Journey of Naan: From staple to delicacy

Published: June 5, 2016
Email
From pizza to chicken tikka, marshmallow to Nutella, these gourmet naans cater to all taste buds. PHOTO: FILE

From pizza to chicken tikka, marshmallow to Nutella, these gourmet naans cater to all taste buds. PHOTO: FILE

LAHORE: In 2014 Ali Ahmed, a sophomore at Lahore University of Management Sciences, had an entrepreneurial epiphany: he wanted to start a brand of premium rotis and naans, culminating a string of high-end tandoors nationwide. He pitched this idea to three other friends, including future Chief Marketing Officer Saifullah Minhas, who were studying with him. “All of us wanted to do something extraordinary in life and this desire led to our entrepreneurial venture,” explains Minhas. “Once we opened up our shop, we realised the potential of our idea. Thus, Maro Tandoors (MT) was born.”

The meteoric rise of the concept introduced by MT led to this idea being rapidly replicated across Lahore and Islamabad. For instance, Usman Iftikhar, one of the owners of Mr. Sheeda (MS) in Lahore, wanted to incorporate continental tastes into a local staple. Bakhtawar Taimoor Khan, co-founder of Naan Dhaba (ND) in Islamabad also openly admits she was inspired by similar enterprises in Lahore but thought there was a lack of variety. Similarly, the founders of Naan Stop (NS) in Islamabad studied the concept and improved upon the idea to fit their market.

According to Abdul Azeem, from ND, baking a flatbread is much more complex than it looks. “We first tried kneading the dough, how you would for a normal naan, but that did not work,” he explains. “Every day we would try three to four different types of flour combinations, figuring out the dough took us a month,” adds Azeem. The menu at these flatbread outlets cater to a wide range of taste buds. Flavours vary from savoury items, such as pizza or chicken tikka, to sweet dishes, including Nutella and marshmallows, to exotic naans comprising of jalapenos and dry fruits. They offer food at prices ranging from Rs100 to Rs400 per naan.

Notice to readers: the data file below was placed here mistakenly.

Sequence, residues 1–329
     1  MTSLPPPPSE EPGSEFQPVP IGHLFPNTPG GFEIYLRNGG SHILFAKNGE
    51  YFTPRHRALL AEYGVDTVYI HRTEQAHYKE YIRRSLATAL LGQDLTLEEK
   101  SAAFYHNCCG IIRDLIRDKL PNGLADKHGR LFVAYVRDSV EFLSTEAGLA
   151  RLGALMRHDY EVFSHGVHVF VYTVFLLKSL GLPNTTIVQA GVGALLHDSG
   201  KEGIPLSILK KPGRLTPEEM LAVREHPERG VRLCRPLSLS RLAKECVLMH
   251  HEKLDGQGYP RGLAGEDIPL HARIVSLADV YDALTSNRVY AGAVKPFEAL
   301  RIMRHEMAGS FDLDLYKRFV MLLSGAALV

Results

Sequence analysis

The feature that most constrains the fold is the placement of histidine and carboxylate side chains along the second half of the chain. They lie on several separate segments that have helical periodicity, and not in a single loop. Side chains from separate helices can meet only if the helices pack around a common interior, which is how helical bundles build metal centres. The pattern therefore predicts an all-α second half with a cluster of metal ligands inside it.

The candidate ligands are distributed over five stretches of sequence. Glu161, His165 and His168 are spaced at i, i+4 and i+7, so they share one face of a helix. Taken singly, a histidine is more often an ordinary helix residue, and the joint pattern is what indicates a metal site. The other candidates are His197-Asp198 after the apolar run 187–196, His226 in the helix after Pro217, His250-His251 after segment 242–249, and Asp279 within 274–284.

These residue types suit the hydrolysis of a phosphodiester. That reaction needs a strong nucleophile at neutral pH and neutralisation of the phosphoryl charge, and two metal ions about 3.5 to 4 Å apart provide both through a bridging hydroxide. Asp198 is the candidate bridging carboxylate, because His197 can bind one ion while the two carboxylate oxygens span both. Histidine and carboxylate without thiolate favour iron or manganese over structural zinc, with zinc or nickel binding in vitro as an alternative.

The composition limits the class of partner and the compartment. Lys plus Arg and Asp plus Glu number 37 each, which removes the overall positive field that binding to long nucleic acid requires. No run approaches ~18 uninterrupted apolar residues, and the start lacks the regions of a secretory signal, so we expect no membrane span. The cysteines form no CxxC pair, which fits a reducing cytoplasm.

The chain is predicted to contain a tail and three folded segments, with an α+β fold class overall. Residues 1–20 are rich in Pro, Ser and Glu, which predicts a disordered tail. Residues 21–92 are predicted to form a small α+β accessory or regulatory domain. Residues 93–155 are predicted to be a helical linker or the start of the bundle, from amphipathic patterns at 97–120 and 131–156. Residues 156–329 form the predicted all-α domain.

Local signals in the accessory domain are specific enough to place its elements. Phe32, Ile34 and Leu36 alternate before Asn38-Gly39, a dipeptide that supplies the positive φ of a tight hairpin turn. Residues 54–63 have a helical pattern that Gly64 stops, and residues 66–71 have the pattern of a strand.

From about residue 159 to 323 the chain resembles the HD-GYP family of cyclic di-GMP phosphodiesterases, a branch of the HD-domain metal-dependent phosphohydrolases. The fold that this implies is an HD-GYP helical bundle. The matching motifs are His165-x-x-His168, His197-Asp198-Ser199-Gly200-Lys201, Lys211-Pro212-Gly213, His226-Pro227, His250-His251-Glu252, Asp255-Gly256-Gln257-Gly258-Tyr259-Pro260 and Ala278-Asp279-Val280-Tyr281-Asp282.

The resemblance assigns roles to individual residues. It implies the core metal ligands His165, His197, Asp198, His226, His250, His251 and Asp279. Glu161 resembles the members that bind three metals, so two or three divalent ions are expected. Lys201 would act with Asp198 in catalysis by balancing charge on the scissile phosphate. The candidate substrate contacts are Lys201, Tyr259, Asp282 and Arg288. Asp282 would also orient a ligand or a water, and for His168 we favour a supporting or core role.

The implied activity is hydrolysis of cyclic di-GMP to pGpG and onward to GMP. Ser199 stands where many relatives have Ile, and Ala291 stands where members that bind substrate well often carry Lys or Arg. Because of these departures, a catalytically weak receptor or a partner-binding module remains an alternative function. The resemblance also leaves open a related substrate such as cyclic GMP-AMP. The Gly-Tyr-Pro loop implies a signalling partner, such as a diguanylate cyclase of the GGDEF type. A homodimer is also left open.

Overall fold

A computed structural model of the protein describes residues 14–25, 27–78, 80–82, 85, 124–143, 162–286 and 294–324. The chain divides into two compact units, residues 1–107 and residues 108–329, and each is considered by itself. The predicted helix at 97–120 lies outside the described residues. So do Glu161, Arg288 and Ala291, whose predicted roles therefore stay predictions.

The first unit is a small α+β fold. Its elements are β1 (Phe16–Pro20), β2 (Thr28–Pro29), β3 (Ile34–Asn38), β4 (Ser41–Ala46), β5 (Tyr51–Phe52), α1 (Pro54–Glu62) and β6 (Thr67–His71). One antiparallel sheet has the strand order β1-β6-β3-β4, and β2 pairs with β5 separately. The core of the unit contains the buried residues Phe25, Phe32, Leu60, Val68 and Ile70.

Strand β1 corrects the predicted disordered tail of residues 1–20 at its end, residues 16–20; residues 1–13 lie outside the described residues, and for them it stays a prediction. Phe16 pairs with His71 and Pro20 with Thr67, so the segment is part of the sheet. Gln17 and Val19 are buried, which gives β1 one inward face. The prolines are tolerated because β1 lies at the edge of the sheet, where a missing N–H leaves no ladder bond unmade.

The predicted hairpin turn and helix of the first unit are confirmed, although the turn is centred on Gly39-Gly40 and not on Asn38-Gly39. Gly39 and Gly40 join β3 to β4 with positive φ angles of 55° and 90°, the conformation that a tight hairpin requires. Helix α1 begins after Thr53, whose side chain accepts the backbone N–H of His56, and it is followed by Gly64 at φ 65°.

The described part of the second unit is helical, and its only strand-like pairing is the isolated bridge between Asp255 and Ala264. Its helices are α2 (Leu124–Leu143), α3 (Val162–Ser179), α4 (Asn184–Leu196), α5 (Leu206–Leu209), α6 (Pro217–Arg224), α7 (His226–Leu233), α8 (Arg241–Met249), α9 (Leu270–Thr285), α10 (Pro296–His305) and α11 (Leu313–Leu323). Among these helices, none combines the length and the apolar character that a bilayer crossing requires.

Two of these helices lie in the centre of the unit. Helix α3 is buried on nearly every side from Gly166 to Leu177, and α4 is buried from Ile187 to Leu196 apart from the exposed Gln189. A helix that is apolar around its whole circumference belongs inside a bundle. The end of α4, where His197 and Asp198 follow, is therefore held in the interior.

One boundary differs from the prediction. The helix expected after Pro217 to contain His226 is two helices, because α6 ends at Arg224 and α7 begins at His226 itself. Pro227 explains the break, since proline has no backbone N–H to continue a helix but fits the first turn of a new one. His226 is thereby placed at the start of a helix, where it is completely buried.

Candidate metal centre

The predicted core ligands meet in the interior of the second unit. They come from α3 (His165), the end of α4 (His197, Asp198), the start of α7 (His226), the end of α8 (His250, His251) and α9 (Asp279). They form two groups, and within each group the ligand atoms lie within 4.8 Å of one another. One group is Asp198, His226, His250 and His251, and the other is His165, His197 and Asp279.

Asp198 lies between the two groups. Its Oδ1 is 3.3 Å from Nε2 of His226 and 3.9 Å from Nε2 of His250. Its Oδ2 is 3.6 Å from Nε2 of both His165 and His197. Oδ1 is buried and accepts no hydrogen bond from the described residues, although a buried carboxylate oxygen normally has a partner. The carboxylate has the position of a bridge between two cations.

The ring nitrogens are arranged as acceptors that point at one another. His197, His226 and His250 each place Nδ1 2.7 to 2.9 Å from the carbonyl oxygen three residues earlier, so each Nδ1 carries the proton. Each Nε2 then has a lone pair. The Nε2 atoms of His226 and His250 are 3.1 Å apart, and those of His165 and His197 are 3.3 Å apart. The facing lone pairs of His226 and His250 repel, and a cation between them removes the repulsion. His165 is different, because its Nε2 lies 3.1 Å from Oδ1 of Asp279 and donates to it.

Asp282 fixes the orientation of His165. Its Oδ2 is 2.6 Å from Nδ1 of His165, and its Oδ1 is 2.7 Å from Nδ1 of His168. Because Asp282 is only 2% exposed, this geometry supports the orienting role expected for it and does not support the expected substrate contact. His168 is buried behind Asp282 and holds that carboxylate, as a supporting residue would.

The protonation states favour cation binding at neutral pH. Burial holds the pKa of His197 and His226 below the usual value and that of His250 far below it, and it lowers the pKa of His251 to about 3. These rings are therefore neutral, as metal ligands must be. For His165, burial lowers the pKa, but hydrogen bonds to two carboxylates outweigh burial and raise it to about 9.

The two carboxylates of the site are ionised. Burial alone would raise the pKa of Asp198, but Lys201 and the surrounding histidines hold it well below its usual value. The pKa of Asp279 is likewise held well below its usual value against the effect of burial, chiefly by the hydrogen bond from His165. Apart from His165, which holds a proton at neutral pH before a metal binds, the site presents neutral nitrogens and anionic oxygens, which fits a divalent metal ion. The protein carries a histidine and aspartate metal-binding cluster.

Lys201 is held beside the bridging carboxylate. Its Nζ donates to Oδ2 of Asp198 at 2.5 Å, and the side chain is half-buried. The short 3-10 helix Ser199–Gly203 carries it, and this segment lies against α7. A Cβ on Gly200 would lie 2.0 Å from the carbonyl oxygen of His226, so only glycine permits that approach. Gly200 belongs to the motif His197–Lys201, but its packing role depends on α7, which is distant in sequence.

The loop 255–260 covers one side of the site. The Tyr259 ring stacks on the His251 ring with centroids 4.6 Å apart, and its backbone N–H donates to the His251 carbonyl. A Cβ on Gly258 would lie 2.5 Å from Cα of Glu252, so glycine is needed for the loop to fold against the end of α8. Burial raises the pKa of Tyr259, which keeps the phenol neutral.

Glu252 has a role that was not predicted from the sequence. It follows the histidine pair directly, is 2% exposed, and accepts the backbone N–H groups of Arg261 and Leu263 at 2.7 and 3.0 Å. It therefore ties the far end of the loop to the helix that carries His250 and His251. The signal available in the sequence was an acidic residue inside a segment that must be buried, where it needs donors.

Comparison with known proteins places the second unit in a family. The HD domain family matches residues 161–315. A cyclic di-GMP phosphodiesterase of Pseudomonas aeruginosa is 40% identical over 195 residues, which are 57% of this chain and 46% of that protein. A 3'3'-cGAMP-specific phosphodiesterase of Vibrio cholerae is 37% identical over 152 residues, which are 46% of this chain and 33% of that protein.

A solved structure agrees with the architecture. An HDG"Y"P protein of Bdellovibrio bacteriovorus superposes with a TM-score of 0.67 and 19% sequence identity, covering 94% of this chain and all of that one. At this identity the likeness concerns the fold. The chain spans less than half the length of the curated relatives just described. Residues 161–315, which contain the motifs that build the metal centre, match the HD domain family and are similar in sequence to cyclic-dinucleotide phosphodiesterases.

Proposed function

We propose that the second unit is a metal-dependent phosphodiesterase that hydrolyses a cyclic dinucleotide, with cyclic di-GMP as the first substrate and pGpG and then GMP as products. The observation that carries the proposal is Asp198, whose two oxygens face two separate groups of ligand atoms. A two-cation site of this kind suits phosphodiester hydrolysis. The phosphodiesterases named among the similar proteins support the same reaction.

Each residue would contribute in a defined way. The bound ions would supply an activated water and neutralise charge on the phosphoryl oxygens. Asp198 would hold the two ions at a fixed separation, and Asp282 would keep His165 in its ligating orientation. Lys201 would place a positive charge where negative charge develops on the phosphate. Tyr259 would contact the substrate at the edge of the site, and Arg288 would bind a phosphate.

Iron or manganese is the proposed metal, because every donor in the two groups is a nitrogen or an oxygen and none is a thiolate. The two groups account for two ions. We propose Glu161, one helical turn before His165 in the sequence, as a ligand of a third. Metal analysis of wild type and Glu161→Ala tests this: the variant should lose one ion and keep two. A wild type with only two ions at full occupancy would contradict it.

MT almost never made it. Their lack of experience in a competitive market caused a shut down for 10 days, where they fired all their employees two weeks into their opening. “We made a lot of mistakes,” elaborates Minhas. “But we were determined to make the restaurant work. During those 10 days we decided to learn all the processes ourselves – that’s how we came up with our signature naans,” he informs.

One of the misconceptions about this business is that the initial investment is very low, a myth the tandoor enterprises would like to bust. According to the entrepreneurs they started off with huge funds that were collected from parents, personal savings or loans granted by friends. “People assume you can spend just a few lakhs and you are ready to go. Sure, that much capital will get you a tandoor but is not enough to build a brand,” says Talha Gohar, co-founder NS.

Food outlets sealed over poor hygiene

All four outlets have expansion plans in the near future. The entrepreneurs feel that having overcome initial challenge of introducing the product to the market, the time is apt to launch new flavour combinations along with rapid expansion, all while making sure that the quality of the product is not compromised.

The founders of all these ventures belong from a variety of backgrounds but they all have one thing in common: the desire to want to do more than just daily jobs and the guts to pursue that passion. “The most important advice for entrepreneurs is to take the plunge,” exclaims Minhas. “If you want to pursue something go for it and don’t wait around for someone else.”

Published in The Express Tribune, June 6th, 2016.

Like Life & Style on Facebook, follow @ETLifeandStyle on Twitter for the latest in fashion, gossip and entertainment.

 

Facebook Conversations

More in Food